IR - Worth a Thousand Words
An infrared camera can become a top tool in your home performance toolbox.
Energy conservation is the hot topic today, and the need to reduce ever-increasing energy costs is a priority. Homeowners are looking to contractors for help in finding the sources of energy loss, and in making improvements that will realize the greatest possible savings. To meet this demand, today’s residential remodeling contractors need to be about more than design and aesthetics. They need to think in terms of high performance and energy efficiency on every job. An infrared camera and the ability to understand and interpret thermal images helps contractors to find sources of energy loss, and to confirm that the problem has been solved after the necessary work on the home has been done.
Thermal, or infrared, energy is light that is not visible because its wavelength is too long to be detected by the human eye. It is the part of the electromagnetic spectrum that we perceive as heat. Unlike visible light, everything in the infrared world with a temperature above absolute zero emits heat. Even very cold objects, like ice cubes, emit infrared radiation. The higher the object’s temperature, the greater the infrared radiation emitted. Infrared cameras produce images of this invisible infrared radiation and enable users to measure temperatures in a noninvasive manner.
Remodel and Energy Retrofit
Paul Eldrenkamp, president of Byggmeister, in Newton, Massachusetts, is a residential remodeling contractor who has long specialized in high-performance renovation projects. With the high cost of energy required to run a home, Byggmeister’s work is in demand. Good diagnostic tools and infrared cameras have become the key tools in his company’s toolbox. “Not having an infrared camera in your toolbox is like a carpenter not having a tape measure,” says Eldrenkamp. “Without infrared, you are flying blind.” Eldrenkamp originally began using infrared cameras to do comprehensive audits for his company’s home remodeling projects. Later, he began doing home energy audits for homeowners who simply wanted to understand what was going on in their homes in terms of energy loss (see “Infrared Thermography: (Nearly) a Daily Tool,” HE Mar/Apr ’08, p. 31).
As a diagnostic tool, the infrared camera is used in the initial inspection and investigating phases. The camera allows for quick identification of problem areas. “If trim is tight and windows are installed squarely, you can see that, but to know if the insulation seal is correct you need a camera,” says Eldrenkamp. Byggmeister employees use the camera to identify leaks, locate problems with plumbing, check radiant heating pipes in flooring, and more. A home project can represent a significant investment for a homeowner, so doing a quality check on work should be a no-brainer. Byggmeister uses the infrared camera at the end of a project to quickly and easily determine if the work has been done properly and to determine if the project efficiency goals have been achieved.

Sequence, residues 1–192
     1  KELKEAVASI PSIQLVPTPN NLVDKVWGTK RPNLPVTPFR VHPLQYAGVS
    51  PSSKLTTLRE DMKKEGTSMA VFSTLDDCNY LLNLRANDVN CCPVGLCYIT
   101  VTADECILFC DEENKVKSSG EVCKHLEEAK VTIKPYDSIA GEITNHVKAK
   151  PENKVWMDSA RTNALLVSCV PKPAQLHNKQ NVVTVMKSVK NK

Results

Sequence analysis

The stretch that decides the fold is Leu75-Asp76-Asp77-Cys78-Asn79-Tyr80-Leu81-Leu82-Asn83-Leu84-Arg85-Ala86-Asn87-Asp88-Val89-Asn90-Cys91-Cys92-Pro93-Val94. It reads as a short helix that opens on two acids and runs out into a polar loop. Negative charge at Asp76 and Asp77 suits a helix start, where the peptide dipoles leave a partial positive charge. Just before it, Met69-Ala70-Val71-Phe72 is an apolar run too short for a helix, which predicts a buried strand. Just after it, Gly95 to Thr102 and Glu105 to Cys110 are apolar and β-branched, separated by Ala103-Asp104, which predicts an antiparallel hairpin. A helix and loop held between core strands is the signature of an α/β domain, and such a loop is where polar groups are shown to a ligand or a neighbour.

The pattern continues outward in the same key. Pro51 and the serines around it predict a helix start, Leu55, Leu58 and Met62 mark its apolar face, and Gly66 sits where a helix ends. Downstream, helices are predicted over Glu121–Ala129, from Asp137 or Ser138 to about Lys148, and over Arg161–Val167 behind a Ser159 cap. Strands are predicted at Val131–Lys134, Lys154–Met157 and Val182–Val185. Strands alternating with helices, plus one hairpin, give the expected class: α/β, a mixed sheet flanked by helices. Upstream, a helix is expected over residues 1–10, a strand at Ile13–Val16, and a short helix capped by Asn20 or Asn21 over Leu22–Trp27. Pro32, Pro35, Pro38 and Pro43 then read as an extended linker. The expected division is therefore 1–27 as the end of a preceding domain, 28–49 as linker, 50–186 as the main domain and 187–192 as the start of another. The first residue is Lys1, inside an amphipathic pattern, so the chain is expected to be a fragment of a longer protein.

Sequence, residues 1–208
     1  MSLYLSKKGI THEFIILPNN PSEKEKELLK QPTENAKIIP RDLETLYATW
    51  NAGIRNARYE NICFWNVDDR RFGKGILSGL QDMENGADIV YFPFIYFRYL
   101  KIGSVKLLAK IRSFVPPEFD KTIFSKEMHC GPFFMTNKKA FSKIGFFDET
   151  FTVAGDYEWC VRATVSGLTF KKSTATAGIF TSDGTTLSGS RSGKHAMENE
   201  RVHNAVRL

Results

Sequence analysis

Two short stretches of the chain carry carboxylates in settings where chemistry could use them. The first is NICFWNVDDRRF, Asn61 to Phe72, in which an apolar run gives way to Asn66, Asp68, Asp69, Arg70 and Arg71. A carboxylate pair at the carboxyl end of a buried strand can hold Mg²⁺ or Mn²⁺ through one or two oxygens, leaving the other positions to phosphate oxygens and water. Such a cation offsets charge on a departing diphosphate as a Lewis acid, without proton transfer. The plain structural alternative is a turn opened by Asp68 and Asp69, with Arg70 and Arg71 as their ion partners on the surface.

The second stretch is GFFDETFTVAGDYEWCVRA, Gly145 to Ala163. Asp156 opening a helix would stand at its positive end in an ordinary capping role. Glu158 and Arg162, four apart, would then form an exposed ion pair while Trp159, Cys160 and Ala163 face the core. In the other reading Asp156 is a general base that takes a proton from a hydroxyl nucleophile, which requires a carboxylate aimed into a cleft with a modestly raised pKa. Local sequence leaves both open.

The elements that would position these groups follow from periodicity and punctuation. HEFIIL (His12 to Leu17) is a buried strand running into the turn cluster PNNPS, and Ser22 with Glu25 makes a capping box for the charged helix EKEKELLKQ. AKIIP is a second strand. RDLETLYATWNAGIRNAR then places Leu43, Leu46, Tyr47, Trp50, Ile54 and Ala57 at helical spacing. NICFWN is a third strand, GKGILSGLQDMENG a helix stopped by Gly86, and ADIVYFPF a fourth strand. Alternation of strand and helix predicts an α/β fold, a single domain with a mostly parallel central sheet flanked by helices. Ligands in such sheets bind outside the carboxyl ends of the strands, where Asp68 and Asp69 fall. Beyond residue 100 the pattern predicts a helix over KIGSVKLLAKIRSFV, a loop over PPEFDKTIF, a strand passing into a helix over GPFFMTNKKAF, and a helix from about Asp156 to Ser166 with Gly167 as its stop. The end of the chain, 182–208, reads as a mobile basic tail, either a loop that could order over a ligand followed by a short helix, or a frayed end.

A Picture Tells the Story
Experience has taught Eldrenkamp that the audit report is an important part of the work, because it provides homeowners with detailed explanations of problems found in an audit. The infrared images included in the report allow homeowners to see any hidden problems for themselves. A typical audit report includes a list of measures to take from basement to attic in order to achieve higher levels of comfort, better indoor air quality, and energy efficiency as well as a strategy for reducing the overall energy load of the house. Digital and infrared images graphically depict some of the recommended measures.
As homeowners become educated about their homes, and about possible solutions to energy problems, they are beginning to look for much more from their remodeling and maintenance projects. A standard and often typical insulation improvement project yields a 10%–15% reduction in energy loss. “Today people are looking for greater results. They are looking for reductions sometimes of up to 80% improvement in home efficiency,” Eldrenkamp explains.
Making the Grade
Byggmeister uses the HERS index as part of the initial evaluation. The HERS index was established by the Residential Energy Services Network (RESNET). A home built to the specifications of the HERS reference home (based on the 2006 International Energy Conservation Code) scores a HERS index of 100, while a net zero energy home scores a HERS index of 0. The lower a home’s HERS index, the more energy efficient it is compared to the HERS reference home. Each one-point decrease in the HERS index corresponds to a 1% reduction in energy consumption compared to the reference home. Therefore, a home with a HERS index of 85 is 15% more energy efficient than the HERS reference home, and a home with a HERS index of 80 is 20% more energy efficient.